Young and Crazy Horse Return to Epic-Length Rock on Massive Triple Album. Audiophile Sound and Meticulous Packaging: Cut at Bernie Grundman Studios by Chris Bellman, Pressed at Pallas, Housed in Deluxe Gatefold Sleeve. Side F features a bonus art etching. Mastered specifically for the vinyl release.
Neil Young and Crazy Horse haven't sounded quite like this since 1990's Ragged Glory. Expanding upon the parameters set on this year's magnificent Americana covers album, the legendary Canadian artist and the world's most famous garage-rock backing band return with their first album of original music since 2003's Greendale. But whereas the latter was political in nature, Psychedelic Pill is all about the grooves, rhythms, hooks, electricity, and transcendent feelings that occur when rock music works inside your mind, body, and spirit.
Fans that have been waiting for Young to unleash on the guitar, and set about to jamming as he's been doing far back as 1967's Everybody Knows This Is Nowhere will find plenty to love. Yep, this is Young and Co. unbridled, untamed, unmitigated. The opening tune, "Driftin' Back," clocks in at more than 27 minutes. The aptly titled "Walk Like a Giant" logs more than 16 minutes.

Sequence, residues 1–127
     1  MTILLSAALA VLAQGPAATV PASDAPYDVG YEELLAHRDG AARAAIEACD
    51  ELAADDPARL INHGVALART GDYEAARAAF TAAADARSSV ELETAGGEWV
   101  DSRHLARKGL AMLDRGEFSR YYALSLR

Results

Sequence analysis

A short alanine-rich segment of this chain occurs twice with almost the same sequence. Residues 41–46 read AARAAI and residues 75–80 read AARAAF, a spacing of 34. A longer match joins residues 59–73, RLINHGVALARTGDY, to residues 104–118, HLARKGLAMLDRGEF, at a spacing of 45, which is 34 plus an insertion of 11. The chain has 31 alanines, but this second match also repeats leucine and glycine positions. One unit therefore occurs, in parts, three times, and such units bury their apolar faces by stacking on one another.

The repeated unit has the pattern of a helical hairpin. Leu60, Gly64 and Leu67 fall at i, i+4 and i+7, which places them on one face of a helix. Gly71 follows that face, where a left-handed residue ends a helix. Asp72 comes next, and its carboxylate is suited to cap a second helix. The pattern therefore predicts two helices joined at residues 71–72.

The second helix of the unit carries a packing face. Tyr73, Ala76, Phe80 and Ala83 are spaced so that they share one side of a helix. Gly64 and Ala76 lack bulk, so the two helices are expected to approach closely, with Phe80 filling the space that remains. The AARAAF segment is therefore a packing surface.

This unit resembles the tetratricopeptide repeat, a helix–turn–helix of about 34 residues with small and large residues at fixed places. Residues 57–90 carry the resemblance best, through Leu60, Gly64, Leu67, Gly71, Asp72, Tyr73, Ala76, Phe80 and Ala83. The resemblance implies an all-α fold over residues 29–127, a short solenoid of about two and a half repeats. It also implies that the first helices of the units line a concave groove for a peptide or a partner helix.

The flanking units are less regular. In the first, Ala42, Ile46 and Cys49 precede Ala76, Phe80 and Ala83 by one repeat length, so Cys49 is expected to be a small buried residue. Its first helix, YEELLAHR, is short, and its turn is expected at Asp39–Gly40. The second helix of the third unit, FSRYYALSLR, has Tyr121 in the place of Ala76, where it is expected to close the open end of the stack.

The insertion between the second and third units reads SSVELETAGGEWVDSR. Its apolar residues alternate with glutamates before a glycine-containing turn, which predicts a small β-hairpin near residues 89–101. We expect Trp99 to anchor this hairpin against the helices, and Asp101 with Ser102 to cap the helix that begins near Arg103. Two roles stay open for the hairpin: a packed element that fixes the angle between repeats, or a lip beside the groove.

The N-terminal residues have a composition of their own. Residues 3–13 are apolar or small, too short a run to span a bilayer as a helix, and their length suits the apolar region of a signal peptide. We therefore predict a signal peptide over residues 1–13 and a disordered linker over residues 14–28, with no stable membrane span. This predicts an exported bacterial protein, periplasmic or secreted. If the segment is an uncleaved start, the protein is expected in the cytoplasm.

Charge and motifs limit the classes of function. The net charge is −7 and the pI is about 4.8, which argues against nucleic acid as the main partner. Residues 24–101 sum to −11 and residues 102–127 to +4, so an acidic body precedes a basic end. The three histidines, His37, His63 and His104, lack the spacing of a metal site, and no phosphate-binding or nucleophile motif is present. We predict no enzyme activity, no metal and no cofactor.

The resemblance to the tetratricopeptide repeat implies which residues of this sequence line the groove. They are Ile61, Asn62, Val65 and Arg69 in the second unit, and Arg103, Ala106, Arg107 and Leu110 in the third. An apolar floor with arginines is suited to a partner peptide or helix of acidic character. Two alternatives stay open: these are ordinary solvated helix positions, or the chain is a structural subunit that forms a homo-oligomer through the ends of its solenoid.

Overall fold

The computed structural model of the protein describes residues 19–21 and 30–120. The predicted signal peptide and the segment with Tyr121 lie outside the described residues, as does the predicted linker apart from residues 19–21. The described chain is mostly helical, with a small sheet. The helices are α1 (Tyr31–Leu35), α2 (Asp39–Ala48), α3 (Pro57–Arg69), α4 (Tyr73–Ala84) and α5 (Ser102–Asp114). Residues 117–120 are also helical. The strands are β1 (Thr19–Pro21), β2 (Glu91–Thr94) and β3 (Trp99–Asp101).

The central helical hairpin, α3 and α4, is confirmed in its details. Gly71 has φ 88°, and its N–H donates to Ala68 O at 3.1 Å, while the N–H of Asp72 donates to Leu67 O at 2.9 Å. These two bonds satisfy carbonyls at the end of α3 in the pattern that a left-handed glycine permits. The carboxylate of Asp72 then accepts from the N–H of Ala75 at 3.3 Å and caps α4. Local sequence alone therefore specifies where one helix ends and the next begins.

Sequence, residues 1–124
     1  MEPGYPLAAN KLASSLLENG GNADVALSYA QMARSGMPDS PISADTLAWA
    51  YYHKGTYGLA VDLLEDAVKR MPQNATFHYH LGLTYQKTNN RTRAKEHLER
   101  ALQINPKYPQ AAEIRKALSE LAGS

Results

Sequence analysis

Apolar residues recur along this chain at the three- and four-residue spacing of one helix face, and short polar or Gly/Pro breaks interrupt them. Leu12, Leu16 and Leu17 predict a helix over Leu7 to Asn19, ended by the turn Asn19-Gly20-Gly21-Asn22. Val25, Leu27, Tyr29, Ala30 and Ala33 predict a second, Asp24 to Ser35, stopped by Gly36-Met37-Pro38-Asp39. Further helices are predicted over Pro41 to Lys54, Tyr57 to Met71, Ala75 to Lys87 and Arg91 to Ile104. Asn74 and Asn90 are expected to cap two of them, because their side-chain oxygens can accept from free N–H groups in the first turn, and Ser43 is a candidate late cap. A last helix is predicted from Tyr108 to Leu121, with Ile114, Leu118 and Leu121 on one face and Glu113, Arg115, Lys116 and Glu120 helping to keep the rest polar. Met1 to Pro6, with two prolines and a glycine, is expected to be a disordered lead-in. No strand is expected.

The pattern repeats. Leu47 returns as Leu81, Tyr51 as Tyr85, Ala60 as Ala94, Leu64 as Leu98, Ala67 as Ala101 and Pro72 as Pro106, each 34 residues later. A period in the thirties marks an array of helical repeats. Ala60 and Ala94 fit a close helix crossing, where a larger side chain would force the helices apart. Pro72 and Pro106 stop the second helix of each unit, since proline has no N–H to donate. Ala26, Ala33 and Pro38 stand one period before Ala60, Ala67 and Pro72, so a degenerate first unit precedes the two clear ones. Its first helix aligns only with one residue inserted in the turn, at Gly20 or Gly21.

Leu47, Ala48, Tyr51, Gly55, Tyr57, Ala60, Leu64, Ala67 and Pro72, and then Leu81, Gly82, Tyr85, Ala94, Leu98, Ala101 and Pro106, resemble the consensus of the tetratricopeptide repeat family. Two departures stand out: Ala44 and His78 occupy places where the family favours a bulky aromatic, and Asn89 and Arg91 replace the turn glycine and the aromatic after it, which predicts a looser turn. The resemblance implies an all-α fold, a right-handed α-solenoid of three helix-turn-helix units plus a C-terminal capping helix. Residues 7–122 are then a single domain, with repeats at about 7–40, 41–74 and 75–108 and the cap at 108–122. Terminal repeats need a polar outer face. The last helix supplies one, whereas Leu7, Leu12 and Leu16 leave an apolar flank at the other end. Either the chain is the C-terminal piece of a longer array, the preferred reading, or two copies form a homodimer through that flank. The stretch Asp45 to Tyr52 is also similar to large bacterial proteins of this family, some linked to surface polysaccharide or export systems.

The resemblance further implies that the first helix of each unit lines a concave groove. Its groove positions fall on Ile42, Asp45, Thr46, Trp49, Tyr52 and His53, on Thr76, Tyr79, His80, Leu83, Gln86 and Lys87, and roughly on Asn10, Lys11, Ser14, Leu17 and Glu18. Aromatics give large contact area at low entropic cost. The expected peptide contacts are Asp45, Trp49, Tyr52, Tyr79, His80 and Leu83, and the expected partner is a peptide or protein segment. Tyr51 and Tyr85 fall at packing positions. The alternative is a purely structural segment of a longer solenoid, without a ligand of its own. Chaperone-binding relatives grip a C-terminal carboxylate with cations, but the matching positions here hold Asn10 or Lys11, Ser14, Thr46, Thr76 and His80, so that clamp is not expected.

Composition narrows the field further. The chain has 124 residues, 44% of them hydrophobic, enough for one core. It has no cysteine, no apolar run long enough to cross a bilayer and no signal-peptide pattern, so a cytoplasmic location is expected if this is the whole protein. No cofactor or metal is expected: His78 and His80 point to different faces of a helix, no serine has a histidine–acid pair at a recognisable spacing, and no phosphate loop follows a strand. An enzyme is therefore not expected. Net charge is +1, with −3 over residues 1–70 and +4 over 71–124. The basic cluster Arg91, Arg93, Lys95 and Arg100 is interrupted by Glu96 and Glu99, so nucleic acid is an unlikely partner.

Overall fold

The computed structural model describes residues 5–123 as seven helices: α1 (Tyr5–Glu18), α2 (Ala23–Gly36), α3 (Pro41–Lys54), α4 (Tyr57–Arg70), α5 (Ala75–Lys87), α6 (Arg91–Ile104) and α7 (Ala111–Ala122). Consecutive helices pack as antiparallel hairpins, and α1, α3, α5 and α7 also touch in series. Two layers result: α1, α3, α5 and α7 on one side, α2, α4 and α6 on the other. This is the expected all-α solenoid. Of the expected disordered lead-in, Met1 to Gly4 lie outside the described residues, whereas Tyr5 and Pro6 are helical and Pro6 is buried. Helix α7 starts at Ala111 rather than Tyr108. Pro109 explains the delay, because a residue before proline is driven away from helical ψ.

Several songs on the album were road-tested by Young and the Horse on the road, and constitute a main part of the group's fall 2012 tour. Other tunes, such as "Born In Ontario," emerged during Young's solo jaunt during 2011. No matter their genesis, every track lingers with supreme emotion and driving, hypnotic, huge sound. Cut by Chris Bellman at Bernie Grundman Studios, and pressed on dead-quiet 180g LP at Pallas, this 3LP set is an audiophile's dream and analog fanatic's wish come true.
Don't spook the Horse? Too late. Paired with Americana, Psychedelic Pill makes a strong case for 2012 being the Year of the Horse. Get your saddle ready.
"Neil Young and Crazy Horse’s first new studio album of original material in nine years gives a symbolic middle finger to modern convention. It is a stubborn and curmudgeonly statement in no hurry to go anywhere, and feels nary an obligation to apologize for its imperfections. It is the unmistakable sound of an artist doing things on his own terms and caring not an iota if he doesn’t make everyone happy…It is alternatively indulgent and lean, nostalgic and contemporary, humorous and serious, unscripted and planned, frustrating and engaging, simple and complex…Approached on its own terms, Psychedelic Pill is also another master stroke from an icon who, nearing 67 years old, could sleepwalk through the remainder of his career rather than continue to take bold risks and potentially antagonize—even alienate." --Bob Gendron, TONEAudio, October 10, 2012 and Issue 49